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Sinusitis - chronic

Definition

Chronic sinusitis is inflammation of the air-filled spaces (sinuses) behind the forehead, cheeks, and eyes, which continues for a long time or keeps coming back.

See also: Sinusitis

Alternative Names

Chronic sinus infection; Chronic sinusitis

Causes

The sinuses are openings in the bones around the nose. Four pairs of sinuses connect to small openings in the nose area. Normally, air passes in and out of the sinuses, and mucus and fluid drain from the sinuses into the nose.

Sinusitis is usually due to allergies or infection. When sinusitis keeps coming back or continues for a long period of time, it is considered chronic. Causes of chronic sinusitis include a deviated nasal septum or other blockage of the nose that can trap fluid in a sinus. Dental infections such as tooth abscess may spread into the sinus and also lead to chronic sinusitis. Allergy to the aspergillus species of fungus appears to cause a particularly difficult-to-treat form of chronic sinusitis.

Chronic sinusitis is much less common than acute sinusitis. Acute sinusitis is often associated with upper respiratory infections and is covered in a separate article. (See Acute sinusitis). Chronic sinusitis may produce less severe symptoms than acute sinusitis, but it can cause damage and destruction to the tissues of the sinuses.

Symptoms

Symptoms may last for 3 months or more.

  • Headache (in the front of the head or around the eyes)
  • Facial pain around the eyes or in the forehead or cheeks
  • Pain in the roof of the mouth or teeth
  • Nasal drainage (yellow, yellow-green, thick)
  • Cough

Exams and Tests

The health care provider will examine you and tap lightly on your face over your sinuses. This method is called percussion. It may reveal tenderness in the area.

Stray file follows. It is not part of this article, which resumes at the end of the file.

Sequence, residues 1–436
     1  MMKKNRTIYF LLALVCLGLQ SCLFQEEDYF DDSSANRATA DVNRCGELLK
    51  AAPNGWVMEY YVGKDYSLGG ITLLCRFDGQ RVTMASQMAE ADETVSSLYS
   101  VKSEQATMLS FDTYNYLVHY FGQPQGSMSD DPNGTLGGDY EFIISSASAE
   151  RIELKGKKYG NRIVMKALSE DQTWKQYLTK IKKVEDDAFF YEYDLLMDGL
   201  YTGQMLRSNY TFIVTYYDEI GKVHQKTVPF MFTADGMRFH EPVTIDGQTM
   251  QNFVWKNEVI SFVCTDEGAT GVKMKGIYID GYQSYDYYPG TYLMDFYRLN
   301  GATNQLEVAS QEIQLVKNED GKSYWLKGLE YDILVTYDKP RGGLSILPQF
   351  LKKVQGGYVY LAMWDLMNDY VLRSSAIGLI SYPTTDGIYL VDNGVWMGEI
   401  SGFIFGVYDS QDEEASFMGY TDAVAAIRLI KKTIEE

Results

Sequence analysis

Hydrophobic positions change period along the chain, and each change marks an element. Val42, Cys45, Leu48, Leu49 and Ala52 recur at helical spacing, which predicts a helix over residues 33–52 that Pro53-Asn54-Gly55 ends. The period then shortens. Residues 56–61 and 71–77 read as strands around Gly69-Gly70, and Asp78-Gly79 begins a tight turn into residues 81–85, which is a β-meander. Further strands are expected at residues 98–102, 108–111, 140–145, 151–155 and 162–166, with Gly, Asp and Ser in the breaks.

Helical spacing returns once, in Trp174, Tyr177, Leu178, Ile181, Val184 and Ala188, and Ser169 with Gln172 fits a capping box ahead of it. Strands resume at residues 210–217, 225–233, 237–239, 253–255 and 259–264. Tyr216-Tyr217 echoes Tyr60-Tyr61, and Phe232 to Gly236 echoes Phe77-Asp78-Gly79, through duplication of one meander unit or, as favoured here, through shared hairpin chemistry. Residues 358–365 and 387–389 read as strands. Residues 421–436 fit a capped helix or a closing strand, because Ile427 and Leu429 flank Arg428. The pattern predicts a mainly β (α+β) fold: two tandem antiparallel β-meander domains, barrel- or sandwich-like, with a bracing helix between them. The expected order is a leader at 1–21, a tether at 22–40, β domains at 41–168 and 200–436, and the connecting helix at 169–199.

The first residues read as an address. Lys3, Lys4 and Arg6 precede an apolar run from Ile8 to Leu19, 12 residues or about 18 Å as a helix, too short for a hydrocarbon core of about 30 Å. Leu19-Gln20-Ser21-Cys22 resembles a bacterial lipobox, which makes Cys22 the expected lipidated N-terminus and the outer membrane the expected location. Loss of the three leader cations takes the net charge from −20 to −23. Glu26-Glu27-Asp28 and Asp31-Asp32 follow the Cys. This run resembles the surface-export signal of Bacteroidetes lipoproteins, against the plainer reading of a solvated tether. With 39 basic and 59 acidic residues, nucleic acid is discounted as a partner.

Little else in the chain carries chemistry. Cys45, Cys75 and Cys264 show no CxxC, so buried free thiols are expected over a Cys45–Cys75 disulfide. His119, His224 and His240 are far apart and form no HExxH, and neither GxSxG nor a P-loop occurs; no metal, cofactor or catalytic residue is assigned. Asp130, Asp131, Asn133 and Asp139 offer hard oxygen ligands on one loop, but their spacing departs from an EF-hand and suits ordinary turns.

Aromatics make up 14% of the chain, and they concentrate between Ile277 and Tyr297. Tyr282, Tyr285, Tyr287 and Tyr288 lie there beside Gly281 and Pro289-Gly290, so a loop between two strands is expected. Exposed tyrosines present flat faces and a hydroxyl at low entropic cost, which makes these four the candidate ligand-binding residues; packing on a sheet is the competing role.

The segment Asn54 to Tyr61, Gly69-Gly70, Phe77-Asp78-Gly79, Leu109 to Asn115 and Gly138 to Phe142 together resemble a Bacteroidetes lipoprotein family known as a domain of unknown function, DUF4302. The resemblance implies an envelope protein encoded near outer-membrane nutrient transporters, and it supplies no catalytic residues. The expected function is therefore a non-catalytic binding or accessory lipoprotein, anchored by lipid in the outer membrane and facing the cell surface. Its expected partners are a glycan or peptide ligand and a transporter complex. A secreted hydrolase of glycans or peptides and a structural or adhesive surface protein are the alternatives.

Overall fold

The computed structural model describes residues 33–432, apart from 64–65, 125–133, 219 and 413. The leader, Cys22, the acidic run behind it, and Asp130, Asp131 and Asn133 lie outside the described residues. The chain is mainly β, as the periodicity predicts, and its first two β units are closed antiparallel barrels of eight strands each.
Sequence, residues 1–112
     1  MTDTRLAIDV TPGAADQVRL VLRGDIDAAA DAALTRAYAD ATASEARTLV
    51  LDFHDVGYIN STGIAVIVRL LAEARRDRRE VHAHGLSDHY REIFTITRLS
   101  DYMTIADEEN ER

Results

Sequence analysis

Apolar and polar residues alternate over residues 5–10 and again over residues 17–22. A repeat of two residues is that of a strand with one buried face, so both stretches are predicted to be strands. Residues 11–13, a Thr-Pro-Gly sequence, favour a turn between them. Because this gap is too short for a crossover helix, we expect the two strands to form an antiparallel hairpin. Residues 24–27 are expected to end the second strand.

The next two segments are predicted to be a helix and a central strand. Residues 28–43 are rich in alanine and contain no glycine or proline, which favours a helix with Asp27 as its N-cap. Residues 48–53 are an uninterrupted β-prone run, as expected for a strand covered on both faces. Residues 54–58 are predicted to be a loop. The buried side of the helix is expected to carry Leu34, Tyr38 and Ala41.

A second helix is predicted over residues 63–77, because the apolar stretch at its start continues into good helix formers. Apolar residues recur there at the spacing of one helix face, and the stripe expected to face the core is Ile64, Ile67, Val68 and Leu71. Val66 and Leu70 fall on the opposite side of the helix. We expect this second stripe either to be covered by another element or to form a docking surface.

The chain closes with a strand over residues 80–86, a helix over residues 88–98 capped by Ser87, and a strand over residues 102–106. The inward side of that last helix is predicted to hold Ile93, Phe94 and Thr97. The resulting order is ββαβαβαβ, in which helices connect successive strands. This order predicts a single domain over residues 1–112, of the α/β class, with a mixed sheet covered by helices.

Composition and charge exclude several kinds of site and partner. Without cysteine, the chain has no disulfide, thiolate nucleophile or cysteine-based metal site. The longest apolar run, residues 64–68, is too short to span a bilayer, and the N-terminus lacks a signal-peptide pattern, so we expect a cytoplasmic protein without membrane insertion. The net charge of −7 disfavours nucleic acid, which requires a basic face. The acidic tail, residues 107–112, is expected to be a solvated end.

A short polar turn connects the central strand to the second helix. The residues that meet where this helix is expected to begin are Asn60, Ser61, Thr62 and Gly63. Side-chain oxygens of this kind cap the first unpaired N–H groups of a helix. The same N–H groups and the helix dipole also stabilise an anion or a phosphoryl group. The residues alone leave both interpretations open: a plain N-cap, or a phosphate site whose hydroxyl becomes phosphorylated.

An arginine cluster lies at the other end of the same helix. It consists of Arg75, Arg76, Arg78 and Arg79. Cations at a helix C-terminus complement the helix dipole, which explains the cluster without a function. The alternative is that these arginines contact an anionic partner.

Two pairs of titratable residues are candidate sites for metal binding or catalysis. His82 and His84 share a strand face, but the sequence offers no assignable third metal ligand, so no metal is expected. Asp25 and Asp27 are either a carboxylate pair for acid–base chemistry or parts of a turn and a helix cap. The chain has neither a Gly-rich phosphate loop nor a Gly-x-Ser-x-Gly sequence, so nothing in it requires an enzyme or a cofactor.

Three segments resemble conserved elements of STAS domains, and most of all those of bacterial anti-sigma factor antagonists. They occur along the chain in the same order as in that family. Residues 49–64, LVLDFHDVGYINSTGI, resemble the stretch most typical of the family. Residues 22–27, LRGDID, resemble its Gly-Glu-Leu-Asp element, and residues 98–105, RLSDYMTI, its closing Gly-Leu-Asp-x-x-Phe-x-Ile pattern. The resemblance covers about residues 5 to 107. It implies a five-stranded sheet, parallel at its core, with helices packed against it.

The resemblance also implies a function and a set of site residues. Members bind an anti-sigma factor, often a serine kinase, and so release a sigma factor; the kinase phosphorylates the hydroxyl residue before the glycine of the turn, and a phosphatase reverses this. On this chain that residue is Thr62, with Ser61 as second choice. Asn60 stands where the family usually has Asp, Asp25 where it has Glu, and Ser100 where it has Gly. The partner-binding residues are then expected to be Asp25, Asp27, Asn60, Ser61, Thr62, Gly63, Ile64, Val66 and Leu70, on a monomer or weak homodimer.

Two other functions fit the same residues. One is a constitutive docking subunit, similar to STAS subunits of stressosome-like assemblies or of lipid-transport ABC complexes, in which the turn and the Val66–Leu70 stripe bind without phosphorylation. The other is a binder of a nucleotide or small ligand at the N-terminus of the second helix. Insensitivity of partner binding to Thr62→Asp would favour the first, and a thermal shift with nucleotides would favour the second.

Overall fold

Normal sinuses glow when light shines directly onto them. (See: Transillumination ). If sinusitis is present, the sinuses will not glow when your doctor shines a light onto them.

Other tests that may be done include:

These imaging tests may show the sinuses to be filled with fluid or reveal thickening of sinus tissues.

A method called aspiration may be done to determine what type of bacteria, if any, is causing the infection.

Treatment

The goal of treatment is to cure the infection and make symptoms go away.

Antibiotics may be given if the infection is caused by bacteria. Antibiotic treatment usually takes 3 to 4 weeks.

Oral decongestants, pills taken by mouth that help relieve a stuffy nose, are sometimes used. Nasal sprays (topical steroids) may help relieve symptoms of chronic sinusitis that are due to allergies.

Over-the-counter analgesics (pain killers) may be used to control pain.

Surgery to clean and drain the sinuses may be needed. Surgical repair of a deviated septum or nasal obstruction may prevent chronic sinusitis from returning.

Outlook (Prognosis)

Chronic sinus infections can usually be cured, but may require extended treatment.

Chronic sinusitis tends to come back, particularly if underlying conditions such as nasal blockages are not corrected.

Possible Complications

  • Chronic sinusitis comes back
  • Infection spreads to the bones of the face (osteomyelitis)
  • Infection spreads to the brain (meningitis)
  • Abscess forms, including (rarely) brain abscess

When to Contact a Medical Professional

Call for an appointment with your health care provider if symptoms of chronic sinusitis develop. Also call if acute sinusitis symptoms do not improve with treatment.

Prevention

Using decongestants when you have an upper respiratory infection may reduce your risk of developing sinusitis. However, decongestant nasal sprays should only be used for short periods of time, or they can make congestion worse. This is called rebound congestion or rhinitis medicamentosa.


Review Date: 8/8/2006
Reviewed By: D. Scott Smith, M.D., MSc, DTM&H, Chief of Infectious Disease & Geographic Medicine, Kaiser Redwood City, CA & Adjunct Assistant Professor, Stanford University. Review provided by VeriMed Healthcare Network.
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